What follows is my take on a very traditional Southern Italian rapini recipe with orecchiette pasta. This is one of those “quick and easy” dishes you don’t often see on this site. Enjoy!
Wild Rapini with Orecchiette Pasta
- 1 pound rapini
- 1 pound orecchiette pasta
- 2 tablespoons olive oil
- 1 medium onion, sliced root to tip
- 5 garlic cloves minced
- 2 to 4 dried hot chiles, broken up
- 4 ounces salami, sliced or diced (optional)
- Lemon juice and ground black pepper to taste
- This first step is optional, but it make the rapini prettier. Bring a large pot of water to a boil and salt it heavily; it should taste like seawater. Set up a bowl of ice water nearby. Boil the rapini for 90 seconds, then plunge into the ice water to stop cooking. This sets the jade green color. Either way, you need the boiling water for the pasta, so you might as well do it.
- Once the rapini has been blanched, add the orecchiette and cook until al dente. Use this time to chop the onion, garlic and salami, if using. Drain the pasta and toss with a little olive oil. Set aside.
- Heat the 2 tablespoons of olive oil in a large saute pan set over high heat. The moment it begins to smoke, add the onion and toss to combine. Sear the onion until you have some caramelized edges, stirring only every minute or so.
- Turn the heat down to medium-high and add the rapini, garlic, chiles and salami. Toss to combine everything. Saute for 2 minutes, then add the pasta and saute another minute, stirring often. Turn off the heat and add the lemon juice and black pepper. You can drizzle a little high-quality olive oil over the dish right when you serve, too.
Nutrition information is automatically calculated, so should only be used as an approximation.
You know one thing I like best about your blog is that I come away a little bit smarter when I read it. And, I think my appreciation of rapini just skyrocketed. Thanks Hank.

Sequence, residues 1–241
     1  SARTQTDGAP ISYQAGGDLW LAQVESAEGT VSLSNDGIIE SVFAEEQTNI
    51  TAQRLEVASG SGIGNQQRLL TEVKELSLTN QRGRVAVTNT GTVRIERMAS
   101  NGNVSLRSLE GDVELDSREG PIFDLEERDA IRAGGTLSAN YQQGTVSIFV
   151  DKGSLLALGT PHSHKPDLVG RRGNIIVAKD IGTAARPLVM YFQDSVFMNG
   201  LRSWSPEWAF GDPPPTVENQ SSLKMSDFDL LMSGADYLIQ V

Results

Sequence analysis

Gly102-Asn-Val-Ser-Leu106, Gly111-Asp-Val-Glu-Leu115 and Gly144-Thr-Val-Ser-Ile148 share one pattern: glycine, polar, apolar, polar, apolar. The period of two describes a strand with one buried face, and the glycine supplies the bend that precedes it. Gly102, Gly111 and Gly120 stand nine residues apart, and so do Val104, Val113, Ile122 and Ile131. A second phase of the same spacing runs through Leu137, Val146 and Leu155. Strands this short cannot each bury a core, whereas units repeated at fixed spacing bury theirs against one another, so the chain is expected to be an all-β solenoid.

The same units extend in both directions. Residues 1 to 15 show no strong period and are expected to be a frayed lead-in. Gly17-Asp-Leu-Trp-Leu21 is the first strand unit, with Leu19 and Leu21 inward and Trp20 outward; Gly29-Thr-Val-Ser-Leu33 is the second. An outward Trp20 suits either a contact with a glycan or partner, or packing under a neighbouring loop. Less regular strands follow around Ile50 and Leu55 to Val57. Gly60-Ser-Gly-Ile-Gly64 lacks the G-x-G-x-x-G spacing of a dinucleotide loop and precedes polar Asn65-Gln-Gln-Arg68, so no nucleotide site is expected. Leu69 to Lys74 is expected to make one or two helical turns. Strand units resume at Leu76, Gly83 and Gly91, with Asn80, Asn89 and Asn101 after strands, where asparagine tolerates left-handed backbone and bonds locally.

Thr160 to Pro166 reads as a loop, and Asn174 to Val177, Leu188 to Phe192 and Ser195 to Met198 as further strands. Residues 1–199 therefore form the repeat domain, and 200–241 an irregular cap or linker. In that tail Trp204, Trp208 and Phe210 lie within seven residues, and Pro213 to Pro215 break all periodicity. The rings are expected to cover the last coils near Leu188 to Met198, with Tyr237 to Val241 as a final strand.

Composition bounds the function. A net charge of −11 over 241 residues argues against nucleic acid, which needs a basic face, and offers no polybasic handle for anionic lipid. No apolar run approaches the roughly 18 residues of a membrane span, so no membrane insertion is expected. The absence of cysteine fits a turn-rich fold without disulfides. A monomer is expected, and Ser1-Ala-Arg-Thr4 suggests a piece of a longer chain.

Nick: Fascinating! I had no idea that older broccolis had that mustardy flavor. Good to know.
You say “not actually a broccoli,” but that’s a term with pretty hazy definition. Most brassica oleracea, when flowering, look like skinny broccoli. And they can all cross-pollinate – hence the outcry here in Oregon when GMO rapeseed is grown near veggie seed plots. Actually, a lot of the “wild raab” you find growing along farm roads is just volunteer rapeseed (canola) or other volunteer brassicas that have jumped the fence and are reverting to their more wild traits. Supermarket broccoli is pretty bland, but a lot of older varieties of garden broccoli (like Calabrese) have some of that same mustardy/turnipy pungency as rapini and their wild cousins. If you over-winter kale in the garden, try the florets when they bolt in the spring. They are sweet and amazing.
Yummmm, I’ve become addicted to your nettle pasta and wild ramps (the latter of which I’ve managed to transplant to a wooded area of my garden and now enjoy them every spring!), now rapini! I didn’t even know that you could find these growing wild. What sort of habitats do they occupy? I would be grateful if you could describe the sorts of areas where I might look for these delectable little wild beasts?
It’s just the unopened buds of the wild mustards and radishes. Garden rapini is the same thing with domestic varieties. Some have been bred to have bigger and more flower buds, however.
This looks fantastic. I would LOVE a taste of that wild stuff!
Hank, sounds great but I’m confused. Is there actually a “wild rapini” in NorCal or is there just the unopened flower tops of wild mustard (and wild radish?)?